Some people just want to work hard, earn their living and be a model for others to do the same. They don’t want fortune, don’t care about fame, and just try to do their part to be a decent human being in what is otherwise a rapidly declining society. If you are one of these people, you can understand what I’m saying. If you are not, then maybe you resent people like that–people like me–PEOPLE LIKE JOE PATERNO. I never spoke to Joe Paterno, the legendary Penn State University football coach. I never went to his house to experience the way he treated his family. I never worked under him as a student athlete. I never came into contact with him personally, but I know the kind of man he was. Call it a gut feeling, because I can recognize my own kind. Maybe it is because I view myself as old-fashioned that I can relate to JoePa. Maybe it is some other kind of spiritual connection. I don’t know exactly what it is that makes me draw any parallels between my character and his, because I certainly don’t have the years upon years of greatness that he did. I just know that there is a connection.
Joe Paterno has been a role model for me since I was a tiny child. Of course back then it was all about Penn State and to a lesser degree, about football. My parents both graduated from Penn State, and my aunt worked there in the department of licensing (we always knew what products were officially licensed merchandise and how to spot the fakes!). She and another of my uncles would come over on Saturdays to watch games. She would bring a HUGE crazy pizza from a sub shop on the way from State College, and we would make popcorn in our brand new microwave oven and heat up butter in the fancy butter sprayer. It was a joy to grow up Penn State’s glory years (the 80’s!) and watch Joe pacing on the sidelines with his jaw gritted and those signature humongous dark glasses he wore. I looked forward to those days with my family, and it was about much more than football, even then. I would go to Penn State with my dad on occasion to sit through his classes, always hoping to catch a glimpse of JoePa on campus somewhere. Back then, he was just a celebrity to me at 5 or 6 years old.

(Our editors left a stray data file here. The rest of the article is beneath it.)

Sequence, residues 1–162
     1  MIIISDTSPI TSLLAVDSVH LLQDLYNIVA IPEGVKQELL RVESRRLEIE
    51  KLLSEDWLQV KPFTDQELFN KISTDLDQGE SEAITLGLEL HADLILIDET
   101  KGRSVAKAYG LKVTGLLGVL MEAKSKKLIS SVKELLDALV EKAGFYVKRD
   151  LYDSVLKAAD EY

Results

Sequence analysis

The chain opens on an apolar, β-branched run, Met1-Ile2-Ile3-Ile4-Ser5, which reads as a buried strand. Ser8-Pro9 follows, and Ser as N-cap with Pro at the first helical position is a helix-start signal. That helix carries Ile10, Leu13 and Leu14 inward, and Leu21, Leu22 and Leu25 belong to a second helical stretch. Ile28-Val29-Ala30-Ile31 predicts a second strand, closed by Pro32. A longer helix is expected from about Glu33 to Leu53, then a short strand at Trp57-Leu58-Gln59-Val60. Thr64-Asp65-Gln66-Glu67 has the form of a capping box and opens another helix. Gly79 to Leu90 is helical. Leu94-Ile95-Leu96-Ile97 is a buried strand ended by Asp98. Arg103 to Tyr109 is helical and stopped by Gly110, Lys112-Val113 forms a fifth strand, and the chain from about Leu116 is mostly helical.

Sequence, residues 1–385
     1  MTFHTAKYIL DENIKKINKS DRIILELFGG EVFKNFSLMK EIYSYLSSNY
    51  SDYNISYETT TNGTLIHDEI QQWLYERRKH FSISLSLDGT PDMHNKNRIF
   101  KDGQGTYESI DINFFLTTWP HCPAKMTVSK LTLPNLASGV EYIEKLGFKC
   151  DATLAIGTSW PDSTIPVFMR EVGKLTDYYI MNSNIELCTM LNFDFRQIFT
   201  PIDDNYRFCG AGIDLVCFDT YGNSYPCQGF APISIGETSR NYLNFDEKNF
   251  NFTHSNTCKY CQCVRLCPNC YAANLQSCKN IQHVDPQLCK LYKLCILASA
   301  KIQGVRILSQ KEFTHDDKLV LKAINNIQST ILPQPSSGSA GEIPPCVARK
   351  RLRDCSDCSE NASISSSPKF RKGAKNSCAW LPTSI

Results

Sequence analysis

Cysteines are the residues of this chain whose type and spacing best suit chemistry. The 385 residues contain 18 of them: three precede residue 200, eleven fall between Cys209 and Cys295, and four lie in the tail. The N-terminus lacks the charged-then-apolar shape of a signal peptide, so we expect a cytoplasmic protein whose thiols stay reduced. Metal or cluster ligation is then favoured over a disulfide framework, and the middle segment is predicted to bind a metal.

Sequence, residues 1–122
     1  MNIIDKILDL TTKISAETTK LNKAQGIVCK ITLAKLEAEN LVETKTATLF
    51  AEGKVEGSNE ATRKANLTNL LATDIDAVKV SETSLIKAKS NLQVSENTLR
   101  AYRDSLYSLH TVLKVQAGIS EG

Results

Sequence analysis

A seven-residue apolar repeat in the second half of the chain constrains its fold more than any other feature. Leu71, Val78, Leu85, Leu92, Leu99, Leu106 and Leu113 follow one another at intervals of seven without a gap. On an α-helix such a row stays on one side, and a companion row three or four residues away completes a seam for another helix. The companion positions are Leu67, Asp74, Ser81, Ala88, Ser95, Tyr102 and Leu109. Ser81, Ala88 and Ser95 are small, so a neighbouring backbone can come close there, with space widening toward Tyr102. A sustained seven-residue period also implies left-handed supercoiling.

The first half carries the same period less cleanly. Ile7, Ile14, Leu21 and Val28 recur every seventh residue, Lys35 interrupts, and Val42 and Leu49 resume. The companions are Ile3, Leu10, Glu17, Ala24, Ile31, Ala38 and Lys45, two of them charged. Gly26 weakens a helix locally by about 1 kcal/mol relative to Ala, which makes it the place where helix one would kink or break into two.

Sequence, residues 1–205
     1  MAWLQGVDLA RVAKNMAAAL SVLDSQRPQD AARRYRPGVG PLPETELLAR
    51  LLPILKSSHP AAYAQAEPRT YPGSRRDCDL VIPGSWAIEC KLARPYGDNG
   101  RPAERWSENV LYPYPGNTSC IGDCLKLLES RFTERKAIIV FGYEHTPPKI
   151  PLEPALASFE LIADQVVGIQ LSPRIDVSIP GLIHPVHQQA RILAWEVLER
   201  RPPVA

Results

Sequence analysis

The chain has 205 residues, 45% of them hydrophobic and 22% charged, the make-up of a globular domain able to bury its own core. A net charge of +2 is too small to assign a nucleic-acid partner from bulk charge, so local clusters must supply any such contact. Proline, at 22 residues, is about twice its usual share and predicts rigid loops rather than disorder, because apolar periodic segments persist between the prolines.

As I grew older, I lost my penchant for watching football in general. I grew skeptical about Penn State as a school (I always said the school had gotten too big for its britches when I was applying for colleges). I went to Temple (so odd when the Penn State game in Philly housed thousands more PSU fans than the home team) and I moved away from Central Pennsylvania because I hated everything about small towns. I went out to see the world, but one thing that always remained constant was my affection and respect for JoePa. I thought of him as another grandfather. When the rest of the sports world was getting arrested for drugs, robbery, rape, murder and corruption, there was JoePa remaining as he had always been, working hard and accepting only the highest of behavioral and academic standards from his players. He was still giving much of his money to the university, like he had been many years before. His body was getting older, but his attitude remained the same. He was consistent. I wished so many times that more people in this world could be like him. That more of his players would make it in the pros and show these fools how to act like decent and respectable human beings. That more coaches put stock in those same values.